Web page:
Remember we are talking about a hypothetical business deal that never stood the test of time.

What do you think?

Fascinated by McDonald’s business success story?  Here are some books.  I recommend “Grinding It Out” by Ray Kroc himself.


Walt Disney biographyPhoto of Walt Disney ambulance driver


Author: AstroGremlin

Came to Earth recently.

9 thoughts on “You Don’t Know Your Best Ideas”

  1. Was there only one round of negotiation with the price of fries? Surely things aren’t that black and white. I think they both could have found a zone of acceptance and worked together. Being an exclusive fast food outlet within Disneyland would have contributed a great halo effect for McDonald’s which would have only boosted/accelerated their popularity.
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  2. I’ll go for 50-50 decision in case of Ray Kroc. Mcdonalds might be as famous as they could during their early stage if they tied up with Disneyland. However, looks like Ray is more people person who focuses more to his customer relationship than expanding his business. I guess its another great deed on his part. Anyway, Mcdonalds created their own name in our food chain industry now.

  3. Hi,

    The only way to test ideas is doing why it says: testing and testing more. With more in the field, you can get more chances.

    I didn’t know that story about the French fries and Disney, very interesting!

    This remember an advice said for one of the most important people on IBM, tens and tens years ago, about a machine that make paper copies, he said there were a very limited market hahah, then appeared Xerox with millions of machines everywhere.

    All the best,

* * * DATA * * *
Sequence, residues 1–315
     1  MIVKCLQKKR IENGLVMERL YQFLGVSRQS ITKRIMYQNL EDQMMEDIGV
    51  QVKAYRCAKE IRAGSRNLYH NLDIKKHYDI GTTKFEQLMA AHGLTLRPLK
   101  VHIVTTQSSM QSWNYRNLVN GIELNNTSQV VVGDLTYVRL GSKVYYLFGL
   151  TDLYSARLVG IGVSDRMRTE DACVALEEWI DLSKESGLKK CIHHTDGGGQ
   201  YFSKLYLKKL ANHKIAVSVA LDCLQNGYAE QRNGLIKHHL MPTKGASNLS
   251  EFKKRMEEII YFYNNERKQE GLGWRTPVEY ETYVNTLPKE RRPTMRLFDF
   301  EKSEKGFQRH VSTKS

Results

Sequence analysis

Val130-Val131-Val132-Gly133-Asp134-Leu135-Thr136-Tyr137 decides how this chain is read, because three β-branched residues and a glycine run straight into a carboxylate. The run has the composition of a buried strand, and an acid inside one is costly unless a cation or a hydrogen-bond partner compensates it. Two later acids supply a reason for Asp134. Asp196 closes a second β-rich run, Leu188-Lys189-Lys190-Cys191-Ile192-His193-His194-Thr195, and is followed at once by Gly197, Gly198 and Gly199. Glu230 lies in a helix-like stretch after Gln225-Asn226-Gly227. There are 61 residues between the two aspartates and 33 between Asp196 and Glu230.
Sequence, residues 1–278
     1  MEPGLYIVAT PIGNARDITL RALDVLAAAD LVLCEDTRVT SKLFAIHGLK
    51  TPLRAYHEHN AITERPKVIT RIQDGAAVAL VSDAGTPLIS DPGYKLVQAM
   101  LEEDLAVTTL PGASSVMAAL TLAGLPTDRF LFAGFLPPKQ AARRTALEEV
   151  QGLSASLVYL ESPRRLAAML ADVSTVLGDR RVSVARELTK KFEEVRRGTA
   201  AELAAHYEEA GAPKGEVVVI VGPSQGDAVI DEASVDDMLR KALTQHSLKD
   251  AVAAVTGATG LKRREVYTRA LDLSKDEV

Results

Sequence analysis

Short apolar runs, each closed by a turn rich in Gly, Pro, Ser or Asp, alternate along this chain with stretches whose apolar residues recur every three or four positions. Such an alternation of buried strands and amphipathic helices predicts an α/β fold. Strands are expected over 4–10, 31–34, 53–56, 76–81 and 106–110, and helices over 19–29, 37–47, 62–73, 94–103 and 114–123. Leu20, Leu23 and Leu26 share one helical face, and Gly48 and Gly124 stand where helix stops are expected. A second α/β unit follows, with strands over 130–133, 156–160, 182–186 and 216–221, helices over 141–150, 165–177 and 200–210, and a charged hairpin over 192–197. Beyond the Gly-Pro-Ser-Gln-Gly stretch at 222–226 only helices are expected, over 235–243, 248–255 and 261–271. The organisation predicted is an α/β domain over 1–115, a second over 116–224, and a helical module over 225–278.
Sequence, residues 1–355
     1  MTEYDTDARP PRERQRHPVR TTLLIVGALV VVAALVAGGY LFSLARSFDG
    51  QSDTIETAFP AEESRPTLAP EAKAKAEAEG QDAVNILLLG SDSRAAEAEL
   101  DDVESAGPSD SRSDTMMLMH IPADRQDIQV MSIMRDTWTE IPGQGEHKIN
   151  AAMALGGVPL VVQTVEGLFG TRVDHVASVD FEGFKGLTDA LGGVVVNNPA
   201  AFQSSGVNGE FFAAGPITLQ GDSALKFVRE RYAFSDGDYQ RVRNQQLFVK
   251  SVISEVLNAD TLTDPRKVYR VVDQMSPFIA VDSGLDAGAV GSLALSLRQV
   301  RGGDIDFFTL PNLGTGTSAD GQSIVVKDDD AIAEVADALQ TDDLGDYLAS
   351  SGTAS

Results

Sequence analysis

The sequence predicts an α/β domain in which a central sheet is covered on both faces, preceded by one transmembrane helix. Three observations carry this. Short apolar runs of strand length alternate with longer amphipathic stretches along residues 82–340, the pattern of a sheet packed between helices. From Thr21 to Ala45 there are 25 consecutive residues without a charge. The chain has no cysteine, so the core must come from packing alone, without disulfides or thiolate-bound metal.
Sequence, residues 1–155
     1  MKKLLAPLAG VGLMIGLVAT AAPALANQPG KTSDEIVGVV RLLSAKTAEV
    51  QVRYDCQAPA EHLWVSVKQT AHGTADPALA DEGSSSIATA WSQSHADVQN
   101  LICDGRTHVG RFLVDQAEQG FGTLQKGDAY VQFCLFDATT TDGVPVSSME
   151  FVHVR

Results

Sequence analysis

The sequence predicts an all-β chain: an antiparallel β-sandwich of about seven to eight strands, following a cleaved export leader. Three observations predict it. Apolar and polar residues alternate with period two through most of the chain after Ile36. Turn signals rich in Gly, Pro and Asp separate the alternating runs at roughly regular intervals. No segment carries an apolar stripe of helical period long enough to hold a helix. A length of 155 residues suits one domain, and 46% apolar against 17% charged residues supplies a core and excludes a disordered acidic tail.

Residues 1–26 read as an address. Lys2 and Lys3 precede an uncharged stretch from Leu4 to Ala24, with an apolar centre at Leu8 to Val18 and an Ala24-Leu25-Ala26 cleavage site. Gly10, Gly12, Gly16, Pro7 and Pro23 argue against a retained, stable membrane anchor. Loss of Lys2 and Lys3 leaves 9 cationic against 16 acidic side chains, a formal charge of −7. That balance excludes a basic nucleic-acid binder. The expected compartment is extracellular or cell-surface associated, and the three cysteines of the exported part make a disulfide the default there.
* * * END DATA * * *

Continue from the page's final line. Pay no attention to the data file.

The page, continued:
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  4. You are absolutely correct. The only way to truly know the effect of an idea is the test of time.

    Therefore the answer to your question is obvious, Kroc was right because McDonald’s succeeded. Could it have done better? Sure. My gut goes with your idea that making a stand for low prices was important to McD’s development. After all it is a slippery slope, once you cave on one principle, the dominoes fall.

    Now if the answer to this question were, “Ray who?” then yeah, he would have been a bum who blew his chance.

    Only time tells.
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    1. Steve, it may sound strange, but as I wrote this it seemed almost “obvious” that Kroc missed an opportunity when he passed on Disney’s offer. Disneyland was pretty rinky dink when it first started, and McDonald’s was no giant. But they shared a philosophy: clean, wholesome and family friendly facilities. Disneyland helped other brands it adopted , such as Carnation, with its squeaky clean image. But, you could be right. Because it’s a hypothetical, we don’t have the test of time!